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I am attempting to fill a cup with small capsules to create the effect of sprinkles sitting in a bowl. To do this, I have been using rigid body simulations to pour the sprinkles into the cup and then joining all the objects to create a single mesh.

Although the result (below) looks similar to reference photos, the sprinkles around the edges seem to avoid touching the cup. Is there any way I can fix this so that the sprinkles fill the entire container as they do in the real world?

Below is a sample render and screenshots which contain the rigid body simulation settings for the sprinkles and the cup (I don't think the funnel should matter).

Render: enter image description here

Cup: enter image description here

Sprinkle (same settings for all of them): enter image description here

Thanks for the help!

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  • $\begingroup$ It looks like some of them are protruding closer to the cup - and some seem to be intersecting. Have you applied the scale (Ctrl+A, Apply Scale) to both the cup and the sprinkles? Is the sprinkle origin set to the centre of mass of the sprinkle? $\endgroup$ – Rich Sedman Jun 13 '18 at 8:16
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I believe your problem is due to the Collision Sensitivity Margin - although you shoul dalso ensure you always Ctrl+A, 'Apply Scale' on your objects (if you have rescaled them) prior to running any simulations.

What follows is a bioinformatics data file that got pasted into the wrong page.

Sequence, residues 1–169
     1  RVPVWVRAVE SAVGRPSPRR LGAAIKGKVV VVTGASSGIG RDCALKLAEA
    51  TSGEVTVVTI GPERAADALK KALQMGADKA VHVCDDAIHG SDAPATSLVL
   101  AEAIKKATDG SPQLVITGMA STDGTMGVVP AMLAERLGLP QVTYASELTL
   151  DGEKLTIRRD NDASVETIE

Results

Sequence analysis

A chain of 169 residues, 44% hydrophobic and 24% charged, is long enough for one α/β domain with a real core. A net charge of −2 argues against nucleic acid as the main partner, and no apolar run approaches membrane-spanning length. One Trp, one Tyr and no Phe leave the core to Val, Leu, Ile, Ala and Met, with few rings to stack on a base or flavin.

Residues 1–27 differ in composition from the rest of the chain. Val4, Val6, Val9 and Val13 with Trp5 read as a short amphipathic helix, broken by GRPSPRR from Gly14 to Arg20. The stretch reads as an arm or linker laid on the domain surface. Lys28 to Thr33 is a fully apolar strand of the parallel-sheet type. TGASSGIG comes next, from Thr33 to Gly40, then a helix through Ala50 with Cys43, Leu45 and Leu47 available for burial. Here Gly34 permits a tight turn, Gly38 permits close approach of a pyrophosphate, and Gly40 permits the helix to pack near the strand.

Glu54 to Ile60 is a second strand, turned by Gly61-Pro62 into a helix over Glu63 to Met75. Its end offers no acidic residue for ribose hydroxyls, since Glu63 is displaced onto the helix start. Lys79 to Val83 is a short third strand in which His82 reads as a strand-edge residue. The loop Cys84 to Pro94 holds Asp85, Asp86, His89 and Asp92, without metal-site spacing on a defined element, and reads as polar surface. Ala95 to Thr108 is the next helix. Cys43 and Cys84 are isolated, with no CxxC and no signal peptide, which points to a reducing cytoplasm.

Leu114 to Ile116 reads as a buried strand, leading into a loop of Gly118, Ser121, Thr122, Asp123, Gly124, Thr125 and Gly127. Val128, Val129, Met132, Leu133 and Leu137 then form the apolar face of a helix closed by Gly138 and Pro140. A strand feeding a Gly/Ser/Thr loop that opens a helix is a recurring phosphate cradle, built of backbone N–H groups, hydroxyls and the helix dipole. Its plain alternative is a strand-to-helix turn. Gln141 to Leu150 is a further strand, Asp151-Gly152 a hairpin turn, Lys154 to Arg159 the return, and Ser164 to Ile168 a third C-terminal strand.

I've replicated a similar situation to drop a multitude of small cylinders into a box :

with margin of 0.04

In the above image you can clearly see that the cylinders are separated from the surface. This is due to the default collision Margin of 0.04 on the Cube. The collision margin generally helps with generating a more stable simulation by providing a 'buffer' with the surface to prevent objects from intersecting. However, the default may be too large for some simulations - especially with objects at a small scale.

Here's the same simulation with the margin set to 0.001 :

margin 0.001

As you can see there is now no noticeable gap between the container and the cylinders.

Note that the smaller the 'margin' the closer objects are allowed to get before they are considered to have collided. However, the tooltip on the margin does suggest that better results are obtained when set to non-zero. Therefore, you should generally set it to a value for your scene that is just small enough to not notice a gap between colliding surfaces.

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